The U.S. Department of Labor (DOL) has published a final rule updating the Davis-Bacon and Related Acts (DBRA) regulations regarding the calculation of prevailing wages in local areas. The new rule goes into effect Oct. 23.
In the home building industry, the final rule primarily affects multifamily builders who participate in certain HUD and Federal Housing Administration (FHA) Multifamily Mortgage Insurance programs.
NAHB Chairman Alicia Huey said recently of the final rule, “This final rule fails to address many of NAHB’s concerns made during the rulemaking process, including the DBRA’s overly burdensome contractor requirements and wage determinations that are misrepresentative of the real wages being paid in an area.”
Key changes to the current DBRA regulations include:
- Returning to the original “three-step method” to determine prevailing wages on Davis-Bacon covered projects for the first time in 40 years. This process allows DOL to determine the prevailing wage of a given area if only 30% of workers surveyed report the same wage rate.
- Removing a ban on combining urban and rural wage rates when determining the prevailing wages of a given area, which could make multifamily housing projects in rural areas cost-prohibitive.
- Expanding the definition of “site of the work” to apply to materials delivery drivers and secondary sites where “significant portions” of work on a DBRA-covered project are performed. However, this provision excludes many prefabricated component parts such as prefabricated housing components.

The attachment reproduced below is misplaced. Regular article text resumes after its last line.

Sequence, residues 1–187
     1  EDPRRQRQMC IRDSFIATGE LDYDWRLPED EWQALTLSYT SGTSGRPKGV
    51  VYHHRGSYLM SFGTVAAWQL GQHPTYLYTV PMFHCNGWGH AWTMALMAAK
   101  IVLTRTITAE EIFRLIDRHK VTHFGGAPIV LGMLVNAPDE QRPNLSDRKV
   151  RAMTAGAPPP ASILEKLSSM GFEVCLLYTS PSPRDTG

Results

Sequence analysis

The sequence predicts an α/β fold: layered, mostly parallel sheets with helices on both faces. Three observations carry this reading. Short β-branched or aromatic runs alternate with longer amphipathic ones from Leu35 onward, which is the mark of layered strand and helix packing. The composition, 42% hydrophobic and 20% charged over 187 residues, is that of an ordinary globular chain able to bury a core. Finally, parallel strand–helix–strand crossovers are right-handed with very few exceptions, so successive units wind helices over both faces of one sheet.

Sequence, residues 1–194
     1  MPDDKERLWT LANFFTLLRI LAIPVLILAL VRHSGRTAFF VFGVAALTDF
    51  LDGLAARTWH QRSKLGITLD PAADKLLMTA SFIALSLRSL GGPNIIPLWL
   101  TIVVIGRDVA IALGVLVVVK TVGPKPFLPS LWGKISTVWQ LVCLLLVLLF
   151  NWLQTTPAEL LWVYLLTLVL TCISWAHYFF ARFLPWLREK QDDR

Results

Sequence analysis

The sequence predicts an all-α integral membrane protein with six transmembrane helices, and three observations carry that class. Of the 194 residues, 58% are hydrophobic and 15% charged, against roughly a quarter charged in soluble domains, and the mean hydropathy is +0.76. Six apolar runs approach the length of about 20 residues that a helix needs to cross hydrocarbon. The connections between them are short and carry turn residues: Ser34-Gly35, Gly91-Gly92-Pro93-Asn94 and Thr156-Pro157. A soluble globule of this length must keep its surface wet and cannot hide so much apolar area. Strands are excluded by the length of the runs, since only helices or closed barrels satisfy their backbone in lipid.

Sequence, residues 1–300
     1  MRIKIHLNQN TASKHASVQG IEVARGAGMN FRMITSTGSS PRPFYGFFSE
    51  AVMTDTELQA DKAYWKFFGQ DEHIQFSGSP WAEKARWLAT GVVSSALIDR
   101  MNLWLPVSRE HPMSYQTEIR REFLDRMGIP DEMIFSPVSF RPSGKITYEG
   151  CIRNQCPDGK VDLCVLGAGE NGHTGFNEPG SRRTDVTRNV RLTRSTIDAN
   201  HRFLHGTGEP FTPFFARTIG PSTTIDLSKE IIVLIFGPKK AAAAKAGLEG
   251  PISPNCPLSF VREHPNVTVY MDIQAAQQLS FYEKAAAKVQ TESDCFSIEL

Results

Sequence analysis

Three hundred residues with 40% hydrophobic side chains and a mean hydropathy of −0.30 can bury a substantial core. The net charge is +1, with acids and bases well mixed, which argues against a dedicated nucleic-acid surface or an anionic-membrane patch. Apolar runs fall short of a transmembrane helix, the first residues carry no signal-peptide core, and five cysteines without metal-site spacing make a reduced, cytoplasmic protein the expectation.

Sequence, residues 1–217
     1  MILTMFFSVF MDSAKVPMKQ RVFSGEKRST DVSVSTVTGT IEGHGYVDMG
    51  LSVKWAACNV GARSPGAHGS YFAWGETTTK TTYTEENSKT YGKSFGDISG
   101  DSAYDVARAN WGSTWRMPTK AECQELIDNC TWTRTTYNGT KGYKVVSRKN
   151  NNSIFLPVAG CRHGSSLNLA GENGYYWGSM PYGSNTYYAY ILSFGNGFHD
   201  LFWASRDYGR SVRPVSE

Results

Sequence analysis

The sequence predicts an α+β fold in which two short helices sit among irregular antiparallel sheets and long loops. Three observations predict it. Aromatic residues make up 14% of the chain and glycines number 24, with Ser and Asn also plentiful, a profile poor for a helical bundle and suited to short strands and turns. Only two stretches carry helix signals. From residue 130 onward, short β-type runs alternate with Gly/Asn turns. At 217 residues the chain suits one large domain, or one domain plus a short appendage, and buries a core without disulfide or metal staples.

- Codifying DOL’s current guidance by requiring contractors and subcontractors to pay Davis-Bacon wages to delivery drivers for onsite time that is related to offsite delivery, but DOL does not clarify how much onsite time a delivery driver must have to trigger coverage.
- Expanding the types of activities that would categorize a worker as covered under the Davis-Bacon labor standards. For example, the rule states survey crew members may be subject to prevailing wage requirements depending on the activities they perform.
Additionally, DOL did not change its policy on split wage determinations, which have been problematic for many FHA-insured multifamily deals and for which NAHB strongly advocated against in its response to the agency’s proposed rule.
DOL’s Wage and Hour Division will provide an overview of the changes in a free webinar for interested parties on Sept. 13 and 14. The webinar will contain the same information on both days.